A winter’s day in San Gimignano
It’s a blustery, drizzly, foggy winter’s day. A day that might normally send you straight back to bed to take refuge under the covers, a cup of tea and a pile of good books close by. But we’ve got a lunch date. In San Gimignano. So, fuelled with coffee, we hop on a train from Florence to Poggibonsi where we meet my good friend, Sarah, a San Gimignano local. She runs her family farm, Poggio Alloro, 10 minutes drive from San Gimignano in its glorious, rolling countryside. And now that it’s the middle of winter, and all is quiet across San Gimignano, she wants to show us her town.
San Gimignano is a place that suffers from its success and popularity. For about nine months of the year, the UNESCO World Heritage site swarms with tourists who come to see this remarkably preserved hilltop town and its 14 towers, rising out of the walled city like a “medieval Manhattan”. Often in the unbearable, scorching heat of the afternoon summer sun, they wander the main street up to the 14th century piazza in search of gelato and shade, past many tacky shops and the torture museum. Within an hour, they’ve left, back on their way to Siena or Florence. In the meantime, more coaches pull up and more tourists stream in. It’s rather like a Disneyland.
Visiting renowned tourist sites that are entire cities — places like San Gimignano and Venice, oh, and Florence – in the off-season (on a random weekday, especially) is, one of the few chances to really have them “to yourself” (the other is at night). It’s a rare opportunity to see the place quietly, slowly, without crowds but with bushels of atmosphere, made all the more moody and beautiful by the fog, the rain and the cold. Alone, meandering over the damp, shimmering, medieval stones, you don’t have to go far to imagine stepping back in time by a thousand years. And there’s nothing quite as comforting and satisfying as warming up over bowls of soup and glasses of wine for a few hours in a cosy restaurant.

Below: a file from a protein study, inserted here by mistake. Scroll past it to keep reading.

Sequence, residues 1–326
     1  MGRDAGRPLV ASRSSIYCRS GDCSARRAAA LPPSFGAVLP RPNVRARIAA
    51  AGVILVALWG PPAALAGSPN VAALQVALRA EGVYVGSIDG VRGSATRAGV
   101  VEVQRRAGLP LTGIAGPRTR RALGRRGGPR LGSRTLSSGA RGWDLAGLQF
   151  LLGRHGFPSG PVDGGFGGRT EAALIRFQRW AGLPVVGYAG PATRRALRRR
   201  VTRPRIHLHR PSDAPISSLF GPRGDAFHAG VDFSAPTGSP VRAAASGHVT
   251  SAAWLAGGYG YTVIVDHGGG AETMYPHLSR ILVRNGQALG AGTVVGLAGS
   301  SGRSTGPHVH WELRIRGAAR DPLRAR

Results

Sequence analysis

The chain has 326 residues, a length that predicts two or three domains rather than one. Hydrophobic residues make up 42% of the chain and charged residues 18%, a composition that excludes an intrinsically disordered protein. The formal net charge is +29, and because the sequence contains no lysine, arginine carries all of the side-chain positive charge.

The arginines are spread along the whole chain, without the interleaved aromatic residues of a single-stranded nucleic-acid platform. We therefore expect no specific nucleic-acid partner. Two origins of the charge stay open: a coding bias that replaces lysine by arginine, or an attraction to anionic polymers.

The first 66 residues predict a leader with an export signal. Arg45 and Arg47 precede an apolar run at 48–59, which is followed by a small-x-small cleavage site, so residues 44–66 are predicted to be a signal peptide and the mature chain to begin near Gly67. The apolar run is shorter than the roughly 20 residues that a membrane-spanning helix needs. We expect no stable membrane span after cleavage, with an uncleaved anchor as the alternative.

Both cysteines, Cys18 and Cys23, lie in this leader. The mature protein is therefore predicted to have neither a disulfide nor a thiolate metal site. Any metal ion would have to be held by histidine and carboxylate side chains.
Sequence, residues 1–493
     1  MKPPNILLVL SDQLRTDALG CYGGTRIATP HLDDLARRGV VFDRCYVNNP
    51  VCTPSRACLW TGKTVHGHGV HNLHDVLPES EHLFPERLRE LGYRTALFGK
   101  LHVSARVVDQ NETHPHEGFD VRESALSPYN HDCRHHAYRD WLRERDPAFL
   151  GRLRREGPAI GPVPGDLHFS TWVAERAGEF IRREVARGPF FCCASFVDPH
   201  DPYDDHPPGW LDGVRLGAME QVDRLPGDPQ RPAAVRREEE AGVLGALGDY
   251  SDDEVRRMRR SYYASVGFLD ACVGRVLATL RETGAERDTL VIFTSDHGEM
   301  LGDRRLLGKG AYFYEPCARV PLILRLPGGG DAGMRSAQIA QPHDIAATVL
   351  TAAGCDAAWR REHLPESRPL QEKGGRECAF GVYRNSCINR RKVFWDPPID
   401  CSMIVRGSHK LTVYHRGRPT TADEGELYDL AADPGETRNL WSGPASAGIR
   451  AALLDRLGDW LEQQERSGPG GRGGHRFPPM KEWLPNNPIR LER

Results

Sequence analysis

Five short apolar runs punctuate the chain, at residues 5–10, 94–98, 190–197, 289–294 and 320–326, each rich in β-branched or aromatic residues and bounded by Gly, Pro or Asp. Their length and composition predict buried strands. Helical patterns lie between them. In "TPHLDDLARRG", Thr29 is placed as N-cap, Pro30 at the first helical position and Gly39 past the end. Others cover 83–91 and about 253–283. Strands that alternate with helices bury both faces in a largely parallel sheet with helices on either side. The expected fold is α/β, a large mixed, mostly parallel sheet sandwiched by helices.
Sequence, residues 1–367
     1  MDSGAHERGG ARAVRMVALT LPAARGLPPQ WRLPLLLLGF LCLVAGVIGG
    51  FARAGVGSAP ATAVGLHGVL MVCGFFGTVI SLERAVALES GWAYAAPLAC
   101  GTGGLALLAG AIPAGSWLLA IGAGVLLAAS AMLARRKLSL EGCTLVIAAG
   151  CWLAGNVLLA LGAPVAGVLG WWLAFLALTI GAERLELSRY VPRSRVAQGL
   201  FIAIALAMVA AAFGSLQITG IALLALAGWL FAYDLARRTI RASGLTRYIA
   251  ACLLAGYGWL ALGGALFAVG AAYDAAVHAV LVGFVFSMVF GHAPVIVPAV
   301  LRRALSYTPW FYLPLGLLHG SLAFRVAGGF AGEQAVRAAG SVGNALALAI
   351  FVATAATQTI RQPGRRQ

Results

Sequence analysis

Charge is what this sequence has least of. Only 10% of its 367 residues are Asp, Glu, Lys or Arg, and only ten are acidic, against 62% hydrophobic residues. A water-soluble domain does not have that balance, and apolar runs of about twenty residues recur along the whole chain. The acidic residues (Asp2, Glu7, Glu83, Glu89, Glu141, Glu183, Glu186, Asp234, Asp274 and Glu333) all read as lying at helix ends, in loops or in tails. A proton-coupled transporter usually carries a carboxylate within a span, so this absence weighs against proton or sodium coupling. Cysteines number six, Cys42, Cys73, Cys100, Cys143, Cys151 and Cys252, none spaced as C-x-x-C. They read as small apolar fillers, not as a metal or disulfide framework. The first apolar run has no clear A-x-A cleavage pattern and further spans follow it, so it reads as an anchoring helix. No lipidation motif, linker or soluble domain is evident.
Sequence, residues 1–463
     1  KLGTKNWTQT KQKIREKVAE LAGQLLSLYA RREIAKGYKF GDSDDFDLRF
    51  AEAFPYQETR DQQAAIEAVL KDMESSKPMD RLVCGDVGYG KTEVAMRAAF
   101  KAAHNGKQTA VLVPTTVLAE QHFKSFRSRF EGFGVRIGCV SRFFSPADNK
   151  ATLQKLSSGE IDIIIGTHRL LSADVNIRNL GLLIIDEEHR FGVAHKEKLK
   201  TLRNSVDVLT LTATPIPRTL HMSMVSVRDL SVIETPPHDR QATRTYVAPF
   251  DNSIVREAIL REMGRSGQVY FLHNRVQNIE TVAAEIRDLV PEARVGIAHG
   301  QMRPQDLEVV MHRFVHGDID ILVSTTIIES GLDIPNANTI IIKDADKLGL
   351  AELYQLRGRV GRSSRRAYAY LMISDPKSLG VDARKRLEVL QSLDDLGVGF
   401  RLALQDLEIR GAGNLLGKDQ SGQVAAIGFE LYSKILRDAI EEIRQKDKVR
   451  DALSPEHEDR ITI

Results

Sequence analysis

Try doing this in the summer and you’ll find that it’s simply too hot and crowded. Too hot to walk up to the piazza, okay maybe only if you can get a gelato (but there’ll be a queue a mile long). Too hot to drink wine — you’ll want to wait until 8pm when the sun’s rays are less fierce. Too hot to sit in a restaurant and eat hearty Tuscan food. Try this with overheated cranky children (or partners!) and you’ll wish you simply were at the pool instead.
But in the winter it’s a whole different story. The paved streets, shiny and damp from the rain, are empty. The mood is peaceful, the locals more relaxed, relieved, even. We start our winter visit with mugs of coffee, pastries and toast. We are quite literally on our own. The next several hours are spent slowly wandering in the drizzle, admiring the panoramic views (smudged with a touch of fog) from the edge of the city walls, peeking into ancient courtyards (someone left a door open) and taking in the medieval architecture, without another soul around. Tummies start rumbling, hands are getting cold and we head to Sarah’s favourite restaurant and warm up with delicious, comforting bowls of soup, homemade bread and plenty of wine.
San Gimignano Address Book